IRS Reports High Levels of Taxpayer Compliance
Each year, the IRS publishes a fact sheet on taxpayer compliance. In FS-2019-11 and IR-2019-159 the Service explained the level of compliance and the "tax gap" caused by taxpayers who do not comply.
IRS Commissioner Chuck Rettig noted, "Maintaining the highest possible voluntary compliance rate also helps ensure that taxpayers believe our system is fair. The vast majority of taxpayers strive to pay what they owe on time. Those who do not pay their fair share ultimately shift the tax burden to those people who properly meet their tax obligations. The IRS will continue to direct our resources to help educate taxpayers about the tax requirements under the law while also focusing on pursuing those who skirt their responsibilities."
The report covers years 2011, 2012 and 2013. Taxpayers generally complied with filing and payment requirements. About 83% of taxpayers filed and paid taxes on time. Another 2% paid after the normal due date. Those paying late often made payments after contact with an IRS representative.
The "tax gap" is still a large number. The average amount owed by the 15% of taxpayers who were not in compliance was $381 billion per year for 2011 through 2013.
There are several reasons for the tax gap. Some taxpayers do not file returns on time. Others fail to report the correct amount of income. The underreporting is often by sole proprietors, partnerships and business owners.
Commissioner Rettig concluded, "Voluntary compliance is the bedrock of our tax system, and it's important it is holding steady. Tax gap estimates help policy makers and the IRS in identifying where noncompliance is most prevalent. The results also underscore that both solid taxpayer service and effective enforcement are needed for the best possible tax administration."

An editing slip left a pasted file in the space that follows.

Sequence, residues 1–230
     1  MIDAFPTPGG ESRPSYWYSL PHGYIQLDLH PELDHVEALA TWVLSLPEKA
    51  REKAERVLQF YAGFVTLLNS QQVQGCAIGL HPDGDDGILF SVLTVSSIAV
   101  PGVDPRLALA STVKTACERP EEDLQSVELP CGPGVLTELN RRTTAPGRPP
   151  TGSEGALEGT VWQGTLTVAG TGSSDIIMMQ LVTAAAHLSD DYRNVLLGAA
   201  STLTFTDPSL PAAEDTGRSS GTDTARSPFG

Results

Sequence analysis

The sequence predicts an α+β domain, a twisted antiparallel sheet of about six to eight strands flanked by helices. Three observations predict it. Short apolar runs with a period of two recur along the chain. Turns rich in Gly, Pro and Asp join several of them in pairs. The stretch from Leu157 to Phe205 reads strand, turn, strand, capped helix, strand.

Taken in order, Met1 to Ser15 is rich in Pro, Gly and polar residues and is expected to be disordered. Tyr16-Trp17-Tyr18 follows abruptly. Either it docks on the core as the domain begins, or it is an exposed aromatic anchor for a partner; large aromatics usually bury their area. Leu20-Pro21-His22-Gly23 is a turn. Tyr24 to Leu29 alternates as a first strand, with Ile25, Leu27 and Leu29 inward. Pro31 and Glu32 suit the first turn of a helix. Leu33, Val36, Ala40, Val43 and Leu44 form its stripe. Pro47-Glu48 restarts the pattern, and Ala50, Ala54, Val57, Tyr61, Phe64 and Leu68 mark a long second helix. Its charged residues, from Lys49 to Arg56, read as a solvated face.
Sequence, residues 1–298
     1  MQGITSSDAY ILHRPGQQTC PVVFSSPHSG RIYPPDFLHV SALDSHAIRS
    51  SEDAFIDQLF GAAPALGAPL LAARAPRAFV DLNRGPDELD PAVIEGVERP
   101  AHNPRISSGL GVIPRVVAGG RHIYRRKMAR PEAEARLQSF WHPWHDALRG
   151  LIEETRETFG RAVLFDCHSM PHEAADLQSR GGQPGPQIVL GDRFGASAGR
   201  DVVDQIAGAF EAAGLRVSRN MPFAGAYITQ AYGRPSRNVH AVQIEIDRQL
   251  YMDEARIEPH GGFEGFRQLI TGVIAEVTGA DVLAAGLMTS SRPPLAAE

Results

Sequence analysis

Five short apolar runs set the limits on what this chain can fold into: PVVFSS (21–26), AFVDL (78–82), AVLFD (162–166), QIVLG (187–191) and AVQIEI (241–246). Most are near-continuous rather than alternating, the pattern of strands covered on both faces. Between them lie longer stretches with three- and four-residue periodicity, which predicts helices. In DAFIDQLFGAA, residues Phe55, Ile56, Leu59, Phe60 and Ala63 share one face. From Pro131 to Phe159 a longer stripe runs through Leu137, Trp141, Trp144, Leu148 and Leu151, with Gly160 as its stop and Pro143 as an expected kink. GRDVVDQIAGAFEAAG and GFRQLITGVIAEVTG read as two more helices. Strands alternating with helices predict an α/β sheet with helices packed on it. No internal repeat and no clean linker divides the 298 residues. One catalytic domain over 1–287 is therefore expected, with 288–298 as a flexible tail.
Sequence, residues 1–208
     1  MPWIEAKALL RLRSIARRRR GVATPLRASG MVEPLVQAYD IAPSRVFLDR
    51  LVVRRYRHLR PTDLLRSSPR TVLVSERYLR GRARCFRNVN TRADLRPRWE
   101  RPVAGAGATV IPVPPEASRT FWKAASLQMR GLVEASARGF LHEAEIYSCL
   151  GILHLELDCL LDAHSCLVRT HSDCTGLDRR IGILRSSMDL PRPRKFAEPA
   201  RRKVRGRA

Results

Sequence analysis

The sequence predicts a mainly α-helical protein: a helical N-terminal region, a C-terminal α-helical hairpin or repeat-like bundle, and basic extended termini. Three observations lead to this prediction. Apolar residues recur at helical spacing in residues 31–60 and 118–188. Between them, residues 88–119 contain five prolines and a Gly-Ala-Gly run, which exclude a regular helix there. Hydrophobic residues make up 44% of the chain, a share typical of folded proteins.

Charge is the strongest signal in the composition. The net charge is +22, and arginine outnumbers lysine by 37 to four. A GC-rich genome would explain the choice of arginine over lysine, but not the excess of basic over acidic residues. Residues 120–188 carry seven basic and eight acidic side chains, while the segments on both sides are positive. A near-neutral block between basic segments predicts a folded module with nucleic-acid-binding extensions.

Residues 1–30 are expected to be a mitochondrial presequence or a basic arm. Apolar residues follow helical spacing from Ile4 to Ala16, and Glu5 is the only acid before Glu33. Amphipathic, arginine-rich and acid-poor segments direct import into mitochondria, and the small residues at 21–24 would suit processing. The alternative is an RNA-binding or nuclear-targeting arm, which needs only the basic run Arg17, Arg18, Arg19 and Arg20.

Charitable Conservation Easement Battle Continues
North Carolina taxpayer Bobby Branch is the tax matters partner for multiple partnerships. Three partnerships with over $67 million in total charitable conservation easement deductions were audited by the IRS and the deductions were denied. Branch filed petitions with the Tax Court to contest the disallowance of the three conservation easement charitable deductions.
Vista Hill Investments, LLC, claimed it had "satisfied all the requirements of Code Section 170 and the applicable Treasury regulations necessary to be entitled to a deduction in the amount of at least $22,498,000 for 2015, attributable to Vista Hill's contribution of the qualified conservation easement." Tick Creek Holdings, LLC, maintained, "its members satisfied all of the requirements of Code Section 170 and the applicable Treasury regulations necessary to be entitled to a deduction in the amount of at least $22,605,000. "Big Hill Partners, LLC, stated, "its members satisfied all of the requirements of Code Section 170 and the applicable Treasury regulations necessary to be entitled to a deduction in the amount of at least $22,626,000."
All three partnerships received a Notice of Final Partnership Administrative Adjustment (FPAA) that claimed the conservation easement deductions did not meet all of the Sec. 170 requirements.
Branch offers several grounds for supporting the conservation easement donations. The donations were legally enforceable easement deeds granted in perpetuity to The Land Triangle Conservancy (TLC). TLC is a qualified Sec. 501(c)(3) organization. TLC provided a contemporaneous written acknowledgement under Sect. 170(f)(8) and has made annual inspections to ensure compliance with the conservation easement. The appraisals were performed by Martin H. Van Sant, SRA, and Thomas F. Wingard, MAI, SRA. These two individuals are qualified appraisers and have determined the highest and best use of the property was for operation of a mineral quarry. The two appraisers meet the qualified appraiser standards under Reg. 1.170A-13(c)(5).
The IRS claimed the partnerships were liable for a 40% gross valuation misstatement penalty. However, Branch noted the partnerships reasonably relied in good faith on the appraisals and also made independent valuations of the property.